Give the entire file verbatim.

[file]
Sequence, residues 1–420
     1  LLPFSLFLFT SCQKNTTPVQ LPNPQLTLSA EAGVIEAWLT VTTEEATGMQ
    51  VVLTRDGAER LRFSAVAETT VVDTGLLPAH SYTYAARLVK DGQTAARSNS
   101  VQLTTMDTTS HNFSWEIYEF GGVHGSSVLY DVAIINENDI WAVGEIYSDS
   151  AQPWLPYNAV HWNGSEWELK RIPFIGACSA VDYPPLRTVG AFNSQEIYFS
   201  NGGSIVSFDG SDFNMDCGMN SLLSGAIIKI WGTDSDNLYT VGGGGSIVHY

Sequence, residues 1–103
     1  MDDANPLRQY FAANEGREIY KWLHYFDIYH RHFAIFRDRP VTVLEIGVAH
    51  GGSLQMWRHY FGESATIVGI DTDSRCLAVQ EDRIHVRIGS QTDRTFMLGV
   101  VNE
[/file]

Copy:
Sequence, residues 1–420
     1  LLPFSLFLFT SCQKNTTPVQ LPNPQLTLSA EAGVIEAWLT VTTEEATGMQ
    51  VVLTRDGAER LRFSAVAETT VVDTGLLPAH SYTYAARLVK DGQTAARSNS
   101  VQLTTMDTTS HNFSWEIYEF GGVHGSSVLY DVAIINENDI WAVGEIYSDS
   151  AQPWLPYNAV HWNGSEWELK RIPFIGACSA VDYPPLRTVG AFNSQEIYFS
   201  NGGSIVSFDG SDFNMDCGMN SLLSGAIIKI WGTDSDNLYT VGGGGSIVHY

Sequence, residues 1–103
     1  MDDANPLRQY FAANEGREIY KWLHYFDIYH RHFAIFRDRP VTVLEIGVAH
    51  GGSLQMWRHY FGESATIVGI DTDSRCLAVQ EDRIHVRIGS QTDRTFMLGV
   101  VNE